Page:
With several criteria in hand, our next task was to decide which AJAX library to use. To ensure an objective decision, we used the decision matrix in Table 1. The criteria included widget availability, maintainability by both UI specialist and Java developer, download size to browser, and documentation. We recommend you make your own list, as your criteria may differ.

Our development team settled on the Yahoo! User Interface Library. And in the long run, our decision worked well for this and other projects.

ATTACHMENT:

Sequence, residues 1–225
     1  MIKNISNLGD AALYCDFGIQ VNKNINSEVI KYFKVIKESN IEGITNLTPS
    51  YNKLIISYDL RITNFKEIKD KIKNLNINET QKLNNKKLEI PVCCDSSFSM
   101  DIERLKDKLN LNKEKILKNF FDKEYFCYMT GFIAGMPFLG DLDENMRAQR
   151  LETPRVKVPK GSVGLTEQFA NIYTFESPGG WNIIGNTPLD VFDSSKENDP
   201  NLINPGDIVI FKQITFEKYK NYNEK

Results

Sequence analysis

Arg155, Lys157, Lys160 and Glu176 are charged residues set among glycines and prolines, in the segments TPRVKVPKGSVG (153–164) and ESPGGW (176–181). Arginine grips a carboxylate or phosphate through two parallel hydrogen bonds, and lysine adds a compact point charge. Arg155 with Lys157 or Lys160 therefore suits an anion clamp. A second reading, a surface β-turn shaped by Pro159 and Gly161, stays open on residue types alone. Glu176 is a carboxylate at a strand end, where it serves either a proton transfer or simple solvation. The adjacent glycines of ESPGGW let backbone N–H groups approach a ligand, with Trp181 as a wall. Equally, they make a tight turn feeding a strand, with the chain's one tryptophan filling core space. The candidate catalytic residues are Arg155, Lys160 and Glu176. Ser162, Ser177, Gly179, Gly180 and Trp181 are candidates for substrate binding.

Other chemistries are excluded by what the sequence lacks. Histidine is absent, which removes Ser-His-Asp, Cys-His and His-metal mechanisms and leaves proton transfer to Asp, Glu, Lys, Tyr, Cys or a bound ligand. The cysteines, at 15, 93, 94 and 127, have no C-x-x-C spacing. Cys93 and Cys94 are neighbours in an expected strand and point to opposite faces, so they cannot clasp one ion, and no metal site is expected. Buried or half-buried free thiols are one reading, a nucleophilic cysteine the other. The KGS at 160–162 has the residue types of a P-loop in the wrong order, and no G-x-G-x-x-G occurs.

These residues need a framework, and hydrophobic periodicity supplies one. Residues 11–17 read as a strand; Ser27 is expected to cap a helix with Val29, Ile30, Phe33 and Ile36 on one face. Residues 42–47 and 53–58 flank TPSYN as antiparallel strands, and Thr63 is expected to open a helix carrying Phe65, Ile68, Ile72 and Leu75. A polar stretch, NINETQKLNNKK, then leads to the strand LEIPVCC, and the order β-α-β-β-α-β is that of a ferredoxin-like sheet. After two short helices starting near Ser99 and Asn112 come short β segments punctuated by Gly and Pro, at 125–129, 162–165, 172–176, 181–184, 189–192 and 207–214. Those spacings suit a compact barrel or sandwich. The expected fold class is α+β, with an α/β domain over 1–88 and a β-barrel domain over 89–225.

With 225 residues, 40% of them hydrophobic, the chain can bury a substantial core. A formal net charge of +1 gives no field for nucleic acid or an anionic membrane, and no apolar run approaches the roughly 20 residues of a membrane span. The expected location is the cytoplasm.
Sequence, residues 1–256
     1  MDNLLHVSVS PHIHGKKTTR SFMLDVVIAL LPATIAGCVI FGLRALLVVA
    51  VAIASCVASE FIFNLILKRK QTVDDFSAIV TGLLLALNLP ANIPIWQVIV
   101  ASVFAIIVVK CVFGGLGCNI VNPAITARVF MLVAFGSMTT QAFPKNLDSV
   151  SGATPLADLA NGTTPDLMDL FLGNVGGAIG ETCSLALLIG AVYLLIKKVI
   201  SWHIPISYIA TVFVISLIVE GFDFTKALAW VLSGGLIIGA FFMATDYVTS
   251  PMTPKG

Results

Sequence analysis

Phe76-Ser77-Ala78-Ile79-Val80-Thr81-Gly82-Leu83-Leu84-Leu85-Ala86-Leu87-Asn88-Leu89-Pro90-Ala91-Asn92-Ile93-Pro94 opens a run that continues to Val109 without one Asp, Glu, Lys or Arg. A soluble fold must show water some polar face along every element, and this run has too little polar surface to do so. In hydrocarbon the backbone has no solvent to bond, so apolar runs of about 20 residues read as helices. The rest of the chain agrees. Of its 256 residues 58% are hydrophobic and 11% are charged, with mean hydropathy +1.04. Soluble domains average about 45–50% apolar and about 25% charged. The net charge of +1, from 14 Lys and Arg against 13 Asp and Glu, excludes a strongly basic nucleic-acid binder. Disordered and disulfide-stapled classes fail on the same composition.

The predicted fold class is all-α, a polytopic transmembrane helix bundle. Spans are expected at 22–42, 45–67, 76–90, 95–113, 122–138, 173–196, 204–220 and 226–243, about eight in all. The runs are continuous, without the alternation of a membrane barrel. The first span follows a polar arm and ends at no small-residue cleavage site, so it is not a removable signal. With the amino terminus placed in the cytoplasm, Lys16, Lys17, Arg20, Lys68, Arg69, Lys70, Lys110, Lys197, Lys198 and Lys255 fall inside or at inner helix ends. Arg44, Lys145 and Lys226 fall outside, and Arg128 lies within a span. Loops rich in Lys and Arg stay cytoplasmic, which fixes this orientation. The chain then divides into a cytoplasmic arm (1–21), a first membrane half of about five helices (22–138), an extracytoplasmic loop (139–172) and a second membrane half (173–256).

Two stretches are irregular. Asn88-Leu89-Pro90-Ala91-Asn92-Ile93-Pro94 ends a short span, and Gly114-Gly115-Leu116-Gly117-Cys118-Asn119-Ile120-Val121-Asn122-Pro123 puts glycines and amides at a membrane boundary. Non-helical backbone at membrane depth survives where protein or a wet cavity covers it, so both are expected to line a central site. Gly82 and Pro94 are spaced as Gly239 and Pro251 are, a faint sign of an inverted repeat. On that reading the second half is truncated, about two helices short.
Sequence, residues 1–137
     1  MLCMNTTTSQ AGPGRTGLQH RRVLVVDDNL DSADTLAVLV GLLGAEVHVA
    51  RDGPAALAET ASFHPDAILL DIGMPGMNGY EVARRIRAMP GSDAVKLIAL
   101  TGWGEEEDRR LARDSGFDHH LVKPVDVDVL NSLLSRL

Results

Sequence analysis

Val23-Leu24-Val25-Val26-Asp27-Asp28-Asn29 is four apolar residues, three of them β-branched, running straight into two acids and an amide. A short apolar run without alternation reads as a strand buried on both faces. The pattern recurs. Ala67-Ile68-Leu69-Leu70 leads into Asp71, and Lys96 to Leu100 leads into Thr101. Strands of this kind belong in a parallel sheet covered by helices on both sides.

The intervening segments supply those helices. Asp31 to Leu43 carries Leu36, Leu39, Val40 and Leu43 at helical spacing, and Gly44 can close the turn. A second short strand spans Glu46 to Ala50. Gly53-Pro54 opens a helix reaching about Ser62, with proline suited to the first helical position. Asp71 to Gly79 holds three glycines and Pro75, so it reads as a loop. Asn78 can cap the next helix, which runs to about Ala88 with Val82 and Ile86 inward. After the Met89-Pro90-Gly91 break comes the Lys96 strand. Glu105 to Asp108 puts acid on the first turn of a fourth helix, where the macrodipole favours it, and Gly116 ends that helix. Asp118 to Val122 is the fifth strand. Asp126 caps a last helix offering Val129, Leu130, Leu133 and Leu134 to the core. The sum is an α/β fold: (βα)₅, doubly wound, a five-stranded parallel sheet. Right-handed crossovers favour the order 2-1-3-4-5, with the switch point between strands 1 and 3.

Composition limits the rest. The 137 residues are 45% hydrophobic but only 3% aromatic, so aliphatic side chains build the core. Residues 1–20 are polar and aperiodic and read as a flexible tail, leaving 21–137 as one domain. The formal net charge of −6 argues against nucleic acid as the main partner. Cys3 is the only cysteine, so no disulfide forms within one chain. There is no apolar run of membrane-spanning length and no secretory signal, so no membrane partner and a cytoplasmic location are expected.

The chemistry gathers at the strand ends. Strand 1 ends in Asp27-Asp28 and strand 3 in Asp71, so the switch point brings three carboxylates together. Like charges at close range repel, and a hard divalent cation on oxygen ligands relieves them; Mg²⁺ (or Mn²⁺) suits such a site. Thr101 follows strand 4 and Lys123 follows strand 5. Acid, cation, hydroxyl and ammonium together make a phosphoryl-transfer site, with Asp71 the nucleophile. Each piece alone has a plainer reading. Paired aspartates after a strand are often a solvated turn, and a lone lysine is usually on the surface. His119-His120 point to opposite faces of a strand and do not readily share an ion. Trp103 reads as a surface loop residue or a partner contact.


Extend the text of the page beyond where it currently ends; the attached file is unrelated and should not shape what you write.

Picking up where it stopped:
Criteria Weights (5 to 1) Scores (5 to 1) Weighted Scores
Widget Availability 3 D 5 D 15
    Y 4 Y 12
    P 3 P 9
Ease of Maintenance 4 D 3 D12
    Y 5 Y 20
    P 4 P 16
Download Size to Client 5 D 3 D 15
    Y 5 Y 25
    P 4 P 20
Documentation 4 D 3 D 12
    Y 5 Y 20
    P 3 P 12